“I am not the world authority on (disabled golf), but it strikes me that as someone who has enjoyed golf for 20-odd years myself that perhaps we are not quite as inclusive as we should be,” Hawkes said. “I think we have a great opportunity to bring people with disabilities into our sport.”

Hawkes and others strongly believe that a recent decision to award world golf ranking points for elite-level disabled golfers will persuade others to start playing golf. “I think it is a big deal that there are world ranking points now,” Hawkes said. “Suddenly at the elite end we have an opportunity to show off our best players and that hopefully will inspire the vast majority of non-elite players to come forward.”

Hawkes pointed to the recent Australian Open, where 12 disabled golfers joined the rest of the field at the event. “They were not tagged on at the end (of the draw),” he said. “They were on the same course, using same tees, spread out amongst them, and I am pleased that on the last day the leading player with a disability outscored a number of international PGA European Tour players. How many sports will ever be able to emulate that?”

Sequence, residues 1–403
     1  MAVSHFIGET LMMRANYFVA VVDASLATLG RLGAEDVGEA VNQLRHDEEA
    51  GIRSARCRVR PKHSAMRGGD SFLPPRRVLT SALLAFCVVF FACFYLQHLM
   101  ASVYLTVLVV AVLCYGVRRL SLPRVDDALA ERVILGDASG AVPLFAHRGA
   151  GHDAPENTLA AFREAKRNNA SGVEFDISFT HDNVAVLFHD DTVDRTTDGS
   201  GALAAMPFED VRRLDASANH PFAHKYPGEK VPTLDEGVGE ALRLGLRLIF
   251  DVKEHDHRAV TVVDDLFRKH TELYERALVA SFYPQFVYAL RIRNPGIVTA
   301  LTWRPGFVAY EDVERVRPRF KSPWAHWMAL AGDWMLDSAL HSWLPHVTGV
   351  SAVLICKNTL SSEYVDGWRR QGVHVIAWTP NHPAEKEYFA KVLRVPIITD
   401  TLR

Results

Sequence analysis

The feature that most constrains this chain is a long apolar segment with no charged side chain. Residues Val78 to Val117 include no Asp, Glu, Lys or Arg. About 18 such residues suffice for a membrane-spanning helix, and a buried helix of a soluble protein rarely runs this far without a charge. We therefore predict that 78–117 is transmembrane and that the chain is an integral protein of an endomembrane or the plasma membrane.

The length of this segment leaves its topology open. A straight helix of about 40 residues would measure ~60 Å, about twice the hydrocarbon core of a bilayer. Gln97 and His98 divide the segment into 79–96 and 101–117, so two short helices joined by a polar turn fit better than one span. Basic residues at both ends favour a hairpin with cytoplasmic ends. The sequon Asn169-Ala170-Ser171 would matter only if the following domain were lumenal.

Higgins said golf courses can benefit by welcoming more disabled golfers to their facilities. “When you look at it from a business perspective I can only tell you I know a lot of disabled golfers,” Higgins said. “But the people I enjoy golfing with the most are my able-bodied friends, my wife, my kids, and that party multiplier is pretty huge.”

Grames, an above-the-knee amputee who carries a seven-handicap, said courses must make disabled golfers feel welcome. “There is an element of fear with disabled golf as well,” Grames said. “I have showed up with shorts on and people fear that I am going to be way too slow or wreck the golf course.”

Jonasson said British Columbia Golf is committed to making golf more accessible for disabled players. “I have been here for 20 years and we had dabbled a little bit with adaptive golf and people with disabilities,” Jonasson said. “We provided some funding to athletes to attend championships and have done some things with blind golf. But we hadn’t really looked at it as a big part of our operation. Now we are.”